Chemical engineers at Columbia have trained a neural network model for retrosynthesis in organic chemistry.
Retrosynthesis is used by organic chemists to work backwards from the target molecule of a chemical reaction, to the starting materials. Columbia University School of Engineering and Applied Science has developed a deep learning technique for retrosynthetic analysis.
According to Columbia University School of Engineering and Applied Science, the chemist faces many complex, interrelated questions, such as: “Of the tens of thousands of different chemical reactions, which one should you choose to create the target molecule? Once that decision is made, you may find yourself with multiple reactant molecules needed for the reaction. If these molecules are not available to purchase, then how do you select the appropriate reactions to produce them?”
For this reason it is important for chemists to be able to make intelligent decisions to navigate the possible paths in retrosynthetic analysis.
The AI neural network model gives researchers a framework for designing chemical syntheses in line with specified objectives such as synthesis cost, safety, and sustainability.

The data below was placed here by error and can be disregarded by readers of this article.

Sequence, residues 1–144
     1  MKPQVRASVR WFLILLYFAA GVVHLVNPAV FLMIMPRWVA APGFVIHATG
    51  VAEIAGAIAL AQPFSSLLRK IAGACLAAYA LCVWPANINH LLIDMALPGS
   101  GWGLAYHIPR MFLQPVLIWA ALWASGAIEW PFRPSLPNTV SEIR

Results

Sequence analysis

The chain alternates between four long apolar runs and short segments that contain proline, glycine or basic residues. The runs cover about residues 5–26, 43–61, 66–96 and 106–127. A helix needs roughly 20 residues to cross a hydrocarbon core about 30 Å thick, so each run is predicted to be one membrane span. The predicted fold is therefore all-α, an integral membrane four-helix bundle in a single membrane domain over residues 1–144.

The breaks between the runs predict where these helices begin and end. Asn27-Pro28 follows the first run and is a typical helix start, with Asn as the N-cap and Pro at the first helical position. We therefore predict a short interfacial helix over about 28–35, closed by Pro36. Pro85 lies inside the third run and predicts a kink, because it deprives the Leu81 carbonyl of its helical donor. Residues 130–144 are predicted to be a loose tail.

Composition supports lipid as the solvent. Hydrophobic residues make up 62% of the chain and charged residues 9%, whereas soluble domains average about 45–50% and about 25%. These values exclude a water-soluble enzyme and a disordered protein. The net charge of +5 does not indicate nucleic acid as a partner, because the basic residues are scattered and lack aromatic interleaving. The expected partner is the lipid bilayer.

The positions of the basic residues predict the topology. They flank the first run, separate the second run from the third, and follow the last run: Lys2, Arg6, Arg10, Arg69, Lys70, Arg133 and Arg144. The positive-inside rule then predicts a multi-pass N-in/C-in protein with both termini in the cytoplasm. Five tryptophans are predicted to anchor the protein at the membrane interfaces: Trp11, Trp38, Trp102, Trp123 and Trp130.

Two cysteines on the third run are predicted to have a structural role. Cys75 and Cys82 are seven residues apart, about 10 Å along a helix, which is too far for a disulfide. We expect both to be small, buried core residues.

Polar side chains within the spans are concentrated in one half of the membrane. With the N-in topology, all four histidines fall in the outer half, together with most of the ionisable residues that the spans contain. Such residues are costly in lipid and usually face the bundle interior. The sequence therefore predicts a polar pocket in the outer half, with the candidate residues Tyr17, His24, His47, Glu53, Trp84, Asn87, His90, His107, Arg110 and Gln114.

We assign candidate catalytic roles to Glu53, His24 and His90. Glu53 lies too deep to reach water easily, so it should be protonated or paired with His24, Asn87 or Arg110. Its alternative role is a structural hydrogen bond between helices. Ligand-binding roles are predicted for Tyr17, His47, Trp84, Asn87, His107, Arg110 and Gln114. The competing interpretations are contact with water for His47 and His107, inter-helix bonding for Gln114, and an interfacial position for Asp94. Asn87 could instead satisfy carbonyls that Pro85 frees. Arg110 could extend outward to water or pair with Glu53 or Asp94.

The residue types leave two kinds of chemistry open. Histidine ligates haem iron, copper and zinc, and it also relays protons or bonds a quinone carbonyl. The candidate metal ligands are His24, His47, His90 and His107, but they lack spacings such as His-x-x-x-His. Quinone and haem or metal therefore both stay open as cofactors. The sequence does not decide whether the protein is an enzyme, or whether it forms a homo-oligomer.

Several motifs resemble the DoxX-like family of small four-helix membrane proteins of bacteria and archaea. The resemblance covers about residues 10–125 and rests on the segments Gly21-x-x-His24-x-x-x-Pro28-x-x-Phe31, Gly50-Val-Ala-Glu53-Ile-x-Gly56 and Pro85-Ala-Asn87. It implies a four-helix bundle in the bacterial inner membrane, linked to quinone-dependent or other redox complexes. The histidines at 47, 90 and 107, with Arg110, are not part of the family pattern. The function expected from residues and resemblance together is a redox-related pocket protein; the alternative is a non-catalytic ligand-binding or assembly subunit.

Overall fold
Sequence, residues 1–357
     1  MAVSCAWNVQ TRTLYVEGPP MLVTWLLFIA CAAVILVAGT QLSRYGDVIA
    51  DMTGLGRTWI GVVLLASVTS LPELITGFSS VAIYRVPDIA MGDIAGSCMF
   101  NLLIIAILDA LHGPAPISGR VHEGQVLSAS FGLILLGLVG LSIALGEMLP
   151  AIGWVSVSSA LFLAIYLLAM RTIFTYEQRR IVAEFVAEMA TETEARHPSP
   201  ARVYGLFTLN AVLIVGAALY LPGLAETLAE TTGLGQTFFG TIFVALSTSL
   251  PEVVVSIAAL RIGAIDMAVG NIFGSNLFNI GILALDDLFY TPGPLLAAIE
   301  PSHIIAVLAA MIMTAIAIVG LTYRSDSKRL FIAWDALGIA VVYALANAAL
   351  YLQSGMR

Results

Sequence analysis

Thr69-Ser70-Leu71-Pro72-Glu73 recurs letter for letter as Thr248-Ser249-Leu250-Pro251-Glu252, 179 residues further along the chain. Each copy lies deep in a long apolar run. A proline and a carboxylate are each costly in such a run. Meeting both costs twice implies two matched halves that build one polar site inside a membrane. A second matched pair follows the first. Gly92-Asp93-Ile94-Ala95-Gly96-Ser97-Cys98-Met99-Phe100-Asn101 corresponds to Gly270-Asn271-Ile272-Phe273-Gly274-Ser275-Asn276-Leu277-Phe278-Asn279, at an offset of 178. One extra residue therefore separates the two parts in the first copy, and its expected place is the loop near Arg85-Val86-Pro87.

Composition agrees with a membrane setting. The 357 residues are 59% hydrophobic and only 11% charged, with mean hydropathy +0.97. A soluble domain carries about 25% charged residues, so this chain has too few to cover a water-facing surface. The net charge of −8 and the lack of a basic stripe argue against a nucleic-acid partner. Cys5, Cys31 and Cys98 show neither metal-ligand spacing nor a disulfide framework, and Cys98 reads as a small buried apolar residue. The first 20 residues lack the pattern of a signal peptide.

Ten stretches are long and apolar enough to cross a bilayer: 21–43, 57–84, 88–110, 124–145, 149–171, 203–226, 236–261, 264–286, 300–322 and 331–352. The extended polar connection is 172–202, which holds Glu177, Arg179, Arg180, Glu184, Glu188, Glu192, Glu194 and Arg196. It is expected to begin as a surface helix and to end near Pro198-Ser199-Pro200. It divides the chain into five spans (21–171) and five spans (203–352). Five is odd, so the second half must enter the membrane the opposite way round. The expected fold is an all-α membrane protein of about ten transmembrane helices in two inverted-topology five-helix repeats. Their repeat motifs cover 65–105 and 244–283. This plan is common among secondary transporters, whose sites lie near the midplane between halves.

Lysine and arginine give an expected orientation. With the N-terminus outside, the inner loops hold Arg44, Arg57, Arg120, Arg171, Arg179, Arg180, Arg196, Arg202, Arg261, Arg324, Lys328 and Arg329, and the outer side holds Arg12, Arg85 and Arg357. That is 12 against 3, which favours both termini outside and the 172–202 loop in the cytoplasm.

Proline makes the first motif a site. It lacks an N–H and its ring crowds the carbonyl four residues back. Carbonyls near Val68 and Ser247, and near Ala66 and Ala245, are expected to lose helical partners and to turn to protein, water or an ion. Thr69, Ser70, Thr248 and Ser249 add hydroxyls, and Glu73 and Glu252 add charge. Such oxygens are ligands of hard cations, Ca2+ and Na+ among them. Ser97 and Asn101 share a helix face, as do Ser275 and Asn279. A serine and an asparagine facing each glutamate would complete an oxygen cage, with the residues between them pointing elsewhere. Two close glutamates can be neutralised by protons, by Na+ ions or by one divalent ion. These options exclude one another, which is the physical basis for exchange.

Will the neural network model outperform humans?
Alán Aspuru-Guzik, professor of chemistry and computer science at the University of Toronto, who was not involved with the study. Aspuru-Guzik said: “Reinforcement learning has created computer players that are much better than humans at playing complex video games. Perhaps retrosynthesis is no different! This study gives us hope that reinforcement-learning algorithms will be perhaps one day better than human players at the ‘game’ of retrosynthesis.”
Bishop adds: “We expect that our retrosynthesis game will soon follow the way of chess and Go, in which self-taught algorithms consistently outperform human experts. And we welcome competition. As with chess-playing computer programs, competition is the engine for improvements in the state-of-the-art, and we hope that others can build on our work to demonstrate even better performance.”